Moore: Iraq lesson had been to beware of 'friendly fire'

One of Moore’s best pictures was of Saddam’s statue being pulled down

Daily Mirror photographer Mike Moore flew back from Amman on Wednesday after two months in Baghdad learning the crucial lesson of this Iraq war – that journalists were as likely to be killed by “friendly fire” as by the enemy.

Moore, 49, has covered so many wars he has given up counting. “What this war has taught us is that you can expect fire from your own people as well as from the enemy, which was proved when the Palestine Hotel was hit by the American tank. That was a dreadful thing,” he said. After watching tank guns trained on the hotel for two hours, he had then gone out on to the streets. “When I got back to the hotel, I found that the Reuters journalist had been killed.”

Targeted himself on several occasions, Moore said: “If you hear gunfire, it’s difficult to know whether it’s actually aimed at you or over your head. I was always more worried about being shot at by the Americans than I was by the Iraqis.”

Moore covered his first war in 1979 when the Russians were fighting in Afghanistan. He stopped counting after his ninth. But the Iraq conflict is the first from which his wife believed he might not return.

When he spoke to her from Amman, she confessed this had been the war that worried her most, mainly because of the training courses he had been on during the build-up. He had learned how to inject himself against chemical warfare, how to wear a gas mask, and how to survive bullet wounds. “It’s all part of the job to us, but you tend to forget the impact it has on your family. It suddenly brought it home to me.”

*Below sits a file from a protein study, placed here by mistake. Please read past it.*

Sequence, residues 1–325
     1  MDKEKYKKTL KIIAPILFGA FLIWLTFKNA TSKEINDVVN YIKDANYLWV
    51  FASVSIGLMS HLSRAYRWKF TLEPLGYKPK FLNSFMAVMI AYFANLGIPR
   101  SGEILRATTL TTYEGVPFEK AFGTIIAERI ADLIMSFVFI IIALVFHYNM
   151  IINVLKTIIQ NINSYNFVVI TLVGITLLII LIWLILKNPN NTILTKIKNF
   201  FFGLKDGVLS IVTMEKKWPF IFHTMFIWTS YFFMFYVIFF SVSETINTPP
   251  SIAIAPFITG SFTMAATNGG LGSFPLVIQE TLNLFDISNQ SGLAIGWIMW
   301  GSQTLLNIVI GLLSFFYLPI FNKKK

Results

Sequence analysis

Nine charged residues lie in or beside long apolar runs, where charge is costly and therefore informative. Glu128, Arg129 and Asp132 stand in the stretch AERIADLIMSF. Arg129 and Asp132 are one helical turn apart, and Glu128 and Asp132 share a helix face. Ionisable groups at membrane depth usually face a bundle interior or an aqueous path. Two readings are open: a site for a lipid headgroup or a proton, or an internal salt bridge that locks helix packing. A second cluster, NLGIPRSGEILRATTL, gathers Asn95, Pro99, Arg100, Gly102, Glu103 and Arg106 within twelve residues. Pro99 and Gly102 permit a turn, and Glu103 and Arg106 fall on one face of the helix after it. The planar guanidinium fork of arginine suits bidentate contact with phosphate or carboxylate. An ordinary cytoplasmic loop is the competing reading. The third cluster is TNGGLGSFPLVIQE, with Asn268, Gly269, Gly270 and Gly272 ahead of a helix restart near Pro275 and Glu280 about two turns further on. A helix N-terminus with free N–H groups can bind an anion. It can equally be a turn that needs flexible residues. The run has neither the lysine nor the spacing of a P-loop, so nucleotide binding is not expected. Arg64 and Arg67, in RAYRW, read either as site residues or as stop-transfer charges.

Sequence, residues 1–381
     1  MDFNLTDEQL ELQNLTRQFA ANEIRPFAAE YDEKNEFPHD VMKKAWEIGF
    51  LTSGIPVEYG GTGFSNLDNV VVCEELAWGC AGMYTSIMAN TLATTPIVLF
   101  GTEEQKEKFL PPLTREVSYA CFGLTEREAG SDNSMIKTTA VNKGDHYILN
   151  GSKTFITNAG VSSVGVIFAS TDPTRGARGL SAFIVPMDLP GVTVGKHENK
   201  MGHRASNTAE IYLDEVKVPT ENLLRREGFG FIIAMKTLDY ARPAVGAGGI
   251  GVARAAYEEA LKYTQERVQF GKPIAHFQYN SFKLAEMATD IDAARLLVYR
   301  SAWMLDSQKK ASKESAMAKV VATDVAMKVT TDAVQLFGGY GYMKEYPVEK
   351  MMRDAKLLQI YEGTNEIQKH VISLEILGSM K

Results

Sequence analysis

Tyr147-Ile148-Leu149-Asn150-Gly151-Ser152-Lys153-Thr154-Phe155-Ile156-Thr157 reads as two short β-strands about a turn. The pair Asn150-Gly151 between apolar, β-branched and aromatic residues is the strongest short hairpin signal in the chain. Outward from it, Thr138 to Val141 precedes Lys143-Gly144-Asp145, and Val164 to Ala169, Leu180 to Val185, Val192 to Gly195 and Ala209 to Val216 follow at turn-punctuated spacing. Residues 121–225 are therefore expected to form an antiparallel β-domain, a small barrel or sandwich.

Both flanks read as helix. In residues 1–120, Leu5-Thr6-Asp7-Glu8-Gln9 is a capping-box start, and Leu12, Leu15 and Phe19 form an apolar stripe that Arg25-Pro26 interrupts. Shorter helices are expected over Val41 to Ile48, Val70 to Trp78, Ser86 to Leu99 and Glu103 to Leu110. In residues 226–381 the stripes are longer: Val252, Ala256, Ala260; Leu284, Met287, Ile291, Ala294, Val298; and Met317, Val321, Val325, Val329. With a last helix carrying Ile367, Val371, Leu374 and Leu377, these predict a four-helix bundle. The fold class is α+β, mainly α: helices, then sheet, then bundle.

But, as a photographer, what also stood out for him from this war was that “from a visual point of view, it has been the most photogenic.

“We had a grandstand seat from the 16th floor of the Palestine Hotel. We were able to watch this surreal blitz happening in front of us, especially the night of the shock and awe bombing [Friday, 21 March]. I don’t think people have seen the like of this for decades and to have cameras rolling from just a few hundred yards across the river as the centre was bombed was a unique experience. To see the precision of it was particularly shocking and to go out the next day and see the still smouldering remains made you realise the power that we could unleash.”

The downside came when the journalists were taken out to see the “massive” civilian casualties.

For him, the best pictures came in phases – pre-war, young suicide bombers wrapped in white to symbolise shrouds; then the night of the heavy bombing; next, the Americans arriving and being given flowers; and, finally, the symbolic end when the statue of Saddam was pulled down.

Moore has seen none of the other newspapers’ coverage of the war. He had access to the Mirror website only on his laptop. There was no television. “One of the biggest problems was that we were in this media war where everyone was saturated with 24-hour coverage and rolling news and the people there were so cut off,” he said.

By Jean Morgan

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